For now, Microsoft is not going to patch this gap: BSOD in Windows 10 using a pendrive
It seems that Microsoft has a hole in the security of its systems. This applies to both Windows 7 and Windows 10. In July 2017, Marius Tivadar from the scientific team Bitdefender discovered that in Windows operating systems, anyone who has physical access to the computer can call BSOD by connecting a USB memory with special software. The researcher notified Microsoft about the error, but he did not do much about it. Now the expert comes up with details and demonstrates his discovery to raise awareness of the gap.
What makes this exploit dangerous is the fact that BSOD can be enforced even if Windows is blocked. Tivadar comments on the discovery:
You can generate a BSOD using an NTFS image file. A Denial of Service attack (to prevent operation by overloading a machine or application) can be carried out from user mode without administrator rights.
One more reason not to connect unknown USB storage devices
Further verification led to the discovery that the same vulnerability exists in Windows 7 Enterprise, Windows 10 Pro and Windows 10 Enterprise. The attack is possible because the Windows Auto-Play function is enabled by default, which means that the system automatically gives access to the USB drive. As a result, the code found in the NTFS image is run. However, even disabling automatic playback does not completely eliminate the problem.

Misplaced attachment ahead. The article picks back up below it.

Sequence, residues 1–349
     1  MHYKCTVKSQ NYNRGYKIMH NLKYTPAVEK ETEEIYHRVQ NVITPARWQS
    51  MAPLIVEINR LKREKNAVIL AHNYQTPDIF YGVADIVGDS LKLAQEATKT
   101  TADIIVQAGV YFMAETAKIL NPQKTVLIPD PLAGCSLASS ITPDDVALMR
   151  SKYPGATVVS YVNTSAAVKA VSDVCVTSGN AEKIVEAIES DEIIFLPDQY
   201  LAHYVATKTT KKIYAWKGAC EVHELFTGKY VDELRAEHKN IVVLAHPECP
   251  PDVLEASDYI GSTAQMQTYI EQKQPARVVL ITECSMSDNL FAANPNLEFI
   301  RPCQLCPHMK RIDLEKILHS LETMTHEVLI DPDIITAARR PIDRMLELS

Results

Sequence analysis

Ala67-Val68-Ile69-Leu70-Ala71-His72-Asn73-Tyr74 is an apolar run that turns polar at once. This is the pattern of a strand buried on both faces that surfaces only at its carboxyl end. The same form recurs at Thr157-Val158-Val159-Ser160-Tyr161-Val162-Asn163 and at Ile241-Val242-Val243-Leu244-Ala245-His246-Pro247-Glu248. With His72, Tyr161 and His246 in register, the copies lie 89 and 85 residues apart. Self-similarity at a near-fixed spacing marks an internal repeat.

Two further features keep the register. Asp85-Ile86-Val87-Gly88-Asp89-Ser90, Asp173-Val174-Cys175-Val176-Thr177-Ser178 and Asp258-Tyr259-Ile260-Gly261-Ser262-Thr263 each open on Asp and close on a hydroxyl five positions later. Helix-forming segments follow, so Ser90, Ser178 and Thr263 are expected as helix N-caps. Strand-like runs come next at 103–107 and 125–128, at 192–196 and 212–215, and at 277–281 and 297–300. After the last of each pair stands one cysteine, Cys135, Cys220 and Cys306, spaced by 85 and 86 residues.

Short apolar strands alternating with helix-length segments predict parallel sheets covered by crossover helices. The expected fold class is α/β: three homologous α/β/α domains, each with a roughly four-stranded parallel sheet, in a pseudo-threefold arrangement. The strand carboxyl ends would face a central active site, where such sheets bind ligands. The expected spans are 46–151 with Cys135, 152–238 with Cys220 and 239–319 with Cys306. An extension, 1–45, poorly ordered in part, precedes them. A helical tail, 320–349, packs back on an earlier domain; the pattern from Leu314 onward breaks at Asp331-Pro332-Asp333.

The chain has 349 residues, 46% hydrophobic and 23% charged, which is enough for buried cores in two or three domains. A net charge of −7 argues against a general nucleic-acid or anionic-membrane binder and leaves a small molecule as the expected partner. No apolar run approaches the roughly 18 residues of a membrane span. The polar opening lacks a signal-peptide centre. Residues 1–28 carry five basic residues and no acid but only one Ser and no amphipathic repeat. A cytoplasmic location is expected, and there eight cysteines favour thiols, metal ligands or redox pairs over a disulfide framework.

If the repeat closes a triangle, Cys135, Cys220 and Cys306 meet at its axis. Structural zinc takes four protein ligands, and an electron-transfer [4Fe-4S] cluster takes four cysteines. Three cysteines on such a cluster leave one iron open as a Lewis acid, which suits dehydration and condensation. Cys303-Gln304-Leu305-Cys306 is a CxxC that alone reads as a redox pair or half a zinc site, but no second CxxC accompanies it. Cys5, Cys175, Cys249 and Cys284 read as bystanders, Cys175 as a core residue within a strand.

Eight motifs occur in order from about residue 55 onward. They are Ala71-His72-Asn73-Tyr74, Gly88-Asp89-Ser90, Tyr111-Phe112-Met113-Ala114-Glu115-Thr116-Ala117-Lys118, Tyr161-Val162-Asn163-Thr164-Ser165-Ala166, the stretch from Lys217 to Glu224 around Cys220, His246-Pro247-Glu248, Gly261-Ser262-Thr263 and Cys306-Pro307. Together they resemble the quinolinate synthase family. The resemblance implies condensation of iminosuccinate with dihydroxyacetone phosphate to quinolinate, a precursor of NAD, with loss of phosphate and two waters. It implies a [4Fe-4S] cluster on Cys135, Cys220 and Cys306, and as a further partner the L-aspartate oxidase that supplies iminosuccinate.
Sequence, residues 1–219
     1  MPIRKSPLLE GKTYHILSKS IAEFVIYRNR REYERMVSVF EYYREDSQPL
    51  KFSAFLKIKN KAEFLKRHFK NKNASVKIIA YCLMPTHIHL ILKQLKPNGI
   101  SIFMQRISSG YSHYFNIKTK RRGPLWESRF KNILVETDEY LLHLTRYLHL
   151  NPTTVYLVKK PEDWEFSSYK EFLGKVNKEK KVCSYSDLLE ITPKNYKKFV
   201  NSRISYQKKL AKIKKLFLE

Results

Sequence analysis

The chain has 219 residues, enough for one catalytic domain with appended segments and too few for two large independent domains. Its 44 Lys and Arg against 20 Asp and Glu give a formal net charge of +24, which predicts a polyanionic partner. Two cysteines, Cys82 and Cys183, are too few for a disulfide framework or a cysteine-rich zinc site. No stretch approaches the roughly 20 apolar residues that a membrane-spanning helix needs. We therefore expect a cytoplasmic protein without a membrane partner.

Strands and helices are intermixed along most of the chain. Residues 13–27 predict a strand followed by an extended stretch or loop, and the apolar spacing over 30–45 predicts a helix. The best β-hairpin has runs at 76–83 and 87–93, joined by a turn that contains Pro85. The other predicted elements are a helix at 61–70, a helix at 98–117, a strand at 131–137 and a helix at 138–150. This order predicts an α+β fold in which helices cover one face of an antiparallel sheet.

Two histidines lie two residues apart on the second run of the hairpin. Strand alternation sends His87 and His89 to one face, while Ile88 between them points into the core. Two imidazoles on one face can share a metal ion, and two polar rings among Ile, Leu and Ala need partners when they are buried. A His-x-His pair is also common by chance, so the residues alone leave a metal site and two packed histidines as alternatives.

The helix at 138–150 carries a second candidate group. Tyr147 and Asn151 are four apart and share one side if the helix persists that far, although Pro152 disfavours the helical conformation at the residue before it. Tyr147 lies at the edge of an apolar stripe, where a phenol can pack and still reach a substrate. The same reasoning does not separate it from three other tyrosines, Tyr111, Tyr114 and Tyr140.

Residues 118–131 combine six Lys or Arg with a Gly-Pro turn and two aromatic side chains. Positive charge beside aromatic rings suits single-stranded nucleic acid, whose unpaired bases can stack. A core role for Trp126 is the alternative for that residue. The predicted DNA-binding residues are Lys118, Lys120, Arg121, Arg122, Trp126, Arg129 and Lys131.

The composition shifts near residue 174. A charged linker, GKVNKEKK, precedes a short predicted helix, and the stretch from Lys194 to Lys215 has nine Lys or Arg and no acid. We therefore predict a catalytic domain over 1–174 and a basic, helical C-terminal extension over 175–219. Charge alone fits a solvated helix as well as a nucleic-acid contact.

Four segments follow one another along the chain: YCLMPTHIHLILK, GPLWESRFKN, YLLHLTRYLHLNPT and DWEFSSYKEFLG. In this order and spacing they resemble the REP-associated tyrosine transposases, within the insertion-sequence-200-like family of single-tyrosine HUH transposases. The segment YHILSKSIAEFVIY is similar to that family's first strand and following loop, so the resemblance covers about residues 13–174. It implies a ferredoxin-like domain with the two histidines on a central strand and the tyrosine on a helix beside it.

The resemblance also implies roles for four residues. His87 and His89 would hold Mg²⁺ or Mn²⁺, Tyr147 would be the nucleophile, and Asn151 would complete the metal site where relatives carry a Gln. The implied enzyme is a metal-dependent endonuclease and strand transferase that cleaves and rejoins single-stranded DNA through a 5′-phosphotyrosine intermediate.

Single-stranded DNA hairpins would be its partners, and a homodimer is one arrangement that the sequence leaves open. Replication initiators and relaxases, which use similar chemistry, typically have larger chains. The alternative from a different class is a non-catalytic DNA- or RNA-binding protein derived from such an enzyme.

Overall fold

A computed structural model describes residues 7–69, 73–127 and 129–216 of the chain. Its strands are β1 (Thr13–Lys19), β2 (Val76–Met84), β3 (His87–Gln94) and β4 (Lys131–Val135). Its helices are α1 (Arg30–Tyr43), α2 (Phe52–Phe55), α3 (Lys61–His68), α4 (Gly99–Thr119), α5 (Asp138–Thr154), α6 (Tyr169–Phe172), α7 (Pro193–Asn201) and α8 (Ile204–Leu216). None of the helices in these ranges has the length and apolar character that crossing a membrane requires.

Any program that tries to access the USB disk (eg automatic system scan by Windows Defender or other anti-virus) will launch the BSOD.
This type of attack can cause extremely large losses, especially if the vulnerability is used in a server operating system.
- comments Mariusz Politowicz , technical engineer at Bitdefender at Marken Systemy Antywirusowe, which is the official representative of the Bitdefender brand in Poland.
So what was Microsoft's reaction to Tivadar's results? According to employees from Redmond - "A lot of noise about nothing". They wrote to the researcher that his discovery relates only to physical access to the computer. Such an error according to the manufacturer's most popular operating system does not meet the requirements to issue a security patch. The Microsoft analyst appreciated Tivadar for revealing the gap. In the feedback message, he hopes that he will continue to test the security of their product.
Tivadar sat quietly for almost a year after his initial response from Microsoft, and apparently he is still not satisfied with the lack of action on this issue. The researcher has published the documentation , example video (above) and the NTFS image file on GitHub .
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